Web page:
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Of tears and redemption: The Hardik Pandya story

Of tears and redemption The Hardik Pandya story

Hardik Pandya (Source :ICC/Getty)

Yes, men do vent out. They do shout, shriek, scream, and when it does not help at all, they let it all go. Social narratives are replete with instances of men going berserk, doing the impossible, unimaginable, or just getting lost in the oblivion. But tears? Nah! “Real men don’t cry,” goes the old yet vacuous adage. What story do the eyes of a man, who until recently was dubbed a fallen hero, brimmed with tears, tell while a billion people watch him?

A few months back, it seemed that fortune was snatching every minute chance from Hardik Pandya to redeem himself. This Indian all-rounder has an ostentatious swagger about him that people often mistake for the pretence of a cocky and overbearing showbiz persona. Though one glimpse at his record is enough to silence the detractors. But you can’t shut up detractors for long, can you? They raise their heads time and again, if not for your professional performance, they will dig into your personal life. As happened with Pandya.

Barring the recurring injuries, Hardik’s track record would place him in the league of clutch players delivering on big platforms. The homecoming of the ICC T20 World Cup trophy after 17 years was a vindication of the collective efforts of a team that would settle for nothing less than the coveted title.

During the whole tournament, Pandya was relied upon by the captain, Rohit Sharma. And, as one veteran commentator would say, Pandya delivered just what the doctor ordered. He struck well and hard, adding 144 runs at a strike rate of 151 in the six innings where he got to bat. He bowled his share of overs and picked up 11 wickets in the tournament. An exceptional all-round show, one is compelled to say. Pandya also bowled the last over of the final showdown.

Also read: ‘The last six months have been the toughest for Hardik’ – Krunal Pandya shares heartwarming note after brother shines at T20 World Cup

Before going into the World Cup, life hadn’t been all right for the star Indian all-rounder lately. He had left the IPL team Gujarat Titans to join Mumbai Indians, reportedly on his terms and conditions. If media reports are to be believed, he was paid a hefty amount coupled with his controversial condition of becoming the captain of the team. Rohit Sharma, a captain with five IPL trophies, was sacked rather unceremoniously, which led to a huge uproar, and Pandya, the newly made captain, was booed for most of the matches. The crowd was ruthless and unforgiving. The boy from Vadodara was humiliated, but he kept wearing a smile that did feel unabashed and unnecessary at times. But truth be told, he was abiding by the same old yet vacuous adage. He held himself together.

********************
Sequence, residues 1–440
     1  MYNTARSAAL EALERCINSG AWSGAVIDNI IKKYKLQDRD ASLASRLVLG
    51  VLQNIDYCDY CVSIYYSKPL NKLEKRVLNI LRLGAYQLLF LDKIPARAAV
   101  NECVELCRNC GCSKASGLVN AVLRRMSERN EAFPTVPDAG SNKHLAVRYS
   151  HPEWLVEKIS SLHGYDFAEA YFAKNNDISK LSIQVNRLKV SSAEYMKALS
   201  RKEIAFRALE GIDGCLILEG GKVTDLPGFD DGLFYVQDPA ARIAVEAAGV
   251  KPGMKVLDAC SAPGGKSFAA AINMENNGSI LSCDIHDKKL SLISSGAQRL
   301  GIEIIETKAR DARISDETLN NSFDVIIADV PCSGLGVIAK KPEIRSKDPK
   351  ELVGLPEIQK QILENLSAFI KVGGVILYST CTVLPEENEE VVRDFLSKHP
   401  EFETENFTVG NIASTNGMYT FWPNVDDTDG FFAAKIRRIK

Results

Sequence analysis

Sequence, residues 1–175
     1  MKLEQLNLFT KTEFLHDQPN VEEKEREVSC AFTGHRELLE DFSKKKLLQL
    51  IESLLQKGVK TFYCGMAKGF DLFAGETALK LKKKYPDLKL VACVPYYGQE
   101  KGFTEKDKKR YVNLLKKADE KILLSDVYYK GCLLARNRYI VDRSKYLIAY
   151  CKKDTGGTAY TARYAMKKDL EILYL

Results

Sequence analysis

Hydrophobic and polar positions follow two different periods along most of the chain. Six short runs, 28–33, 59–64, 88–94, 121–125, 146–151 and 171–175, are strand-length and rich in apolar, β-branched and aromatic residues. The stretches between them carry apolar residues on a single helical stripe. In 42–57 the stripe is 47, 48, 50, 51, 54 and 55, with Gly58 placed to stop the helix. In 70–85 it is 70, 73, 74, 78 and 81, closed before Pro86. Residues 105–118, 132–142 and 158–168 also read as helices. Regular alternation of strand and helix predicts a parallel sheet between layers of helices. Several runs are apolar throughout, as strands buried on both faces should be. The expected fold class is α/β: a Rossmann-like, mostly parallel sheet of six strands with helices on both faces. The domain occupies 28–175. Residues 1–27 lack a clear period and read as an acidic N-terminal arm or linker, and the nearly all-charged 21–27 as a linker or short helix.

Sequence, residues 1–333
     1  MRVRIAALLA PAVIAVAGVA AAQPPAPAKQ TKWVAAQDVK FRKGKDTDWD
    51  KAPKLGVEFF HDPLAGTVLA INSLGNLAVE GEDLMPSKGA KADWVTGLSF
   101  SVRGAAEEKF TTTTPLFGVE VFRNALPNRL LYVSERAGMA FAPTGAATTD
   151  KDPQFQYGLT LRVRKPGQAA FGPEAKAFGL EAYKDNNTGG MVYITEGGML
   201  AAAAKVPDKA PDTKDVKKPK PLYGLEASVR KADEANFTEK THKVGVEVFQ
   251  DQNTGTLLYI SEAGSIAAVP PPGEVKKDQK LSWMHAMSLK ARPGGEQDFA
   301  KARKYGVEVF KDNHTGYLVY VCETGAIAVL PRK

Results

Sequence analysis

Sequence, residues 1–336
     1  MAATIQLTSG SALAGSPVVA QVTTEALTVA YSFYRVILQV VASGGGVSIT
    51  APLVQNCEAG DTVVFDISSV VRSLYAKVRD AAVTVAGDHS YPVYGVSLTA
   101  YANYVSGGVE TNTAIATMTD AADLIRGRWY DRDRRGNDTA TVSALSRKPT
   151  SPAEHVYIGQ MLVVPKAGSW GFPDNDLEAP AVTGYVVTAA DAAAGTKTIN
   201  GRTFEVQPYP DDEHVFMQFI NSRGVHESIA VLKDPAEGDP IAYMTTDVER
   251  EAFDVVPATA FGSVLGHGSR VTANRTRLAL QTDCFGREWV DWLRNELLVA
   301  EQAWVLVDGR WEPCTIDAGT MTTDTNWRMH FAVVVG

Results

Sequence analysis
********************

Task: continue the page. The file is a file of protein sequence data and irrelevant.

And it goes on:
At times, it felt like hardcore spectators were not in for a cricket match but to deride Pandya. The constant humiliation dented his performance too. While wielding the bat, he had more misses than hits, and his balls were being lofted to every nook and cranny of the ground. There were constant outside noises too regarding his personal life that gelled with his dwindling performance graph.

Also read: Hardik Pandya: A Mentality Over Totality

People started to believe that the star Indian all-rounder had lost his sheen and couldn’t make it to the team selected for the T20 World Cup in the USA and Caribbean. However, the Indian cricket team selectors, coach, and captain had other plans, and Hardik was drafted into the team.

The tunes of life aren’t always harsh; sometimes, life lets you dance to a sweet melody too. The T20 World Cup was when life played a redemption song for him that concluded with the fallen hero dusting off the rust and rising high above from the hellfire of the bottomless pit. Isn’t it a lovely coincidence that Bob Marley also hailed from the Caribbean? I won’t take you through ball-by-ball details of what happened on that eventful date on June 29, for it is etched in our memories precisely as it happened. I would rather stress: let’s normalise men shedding tears. Hardik was resolute, for he held together until he had redeemed himself at the greatest level possible. Not all of us might be that fortunate; sometimes the burden of carrying it all within breaks us.

 – By

Avikal Narayan Shukla

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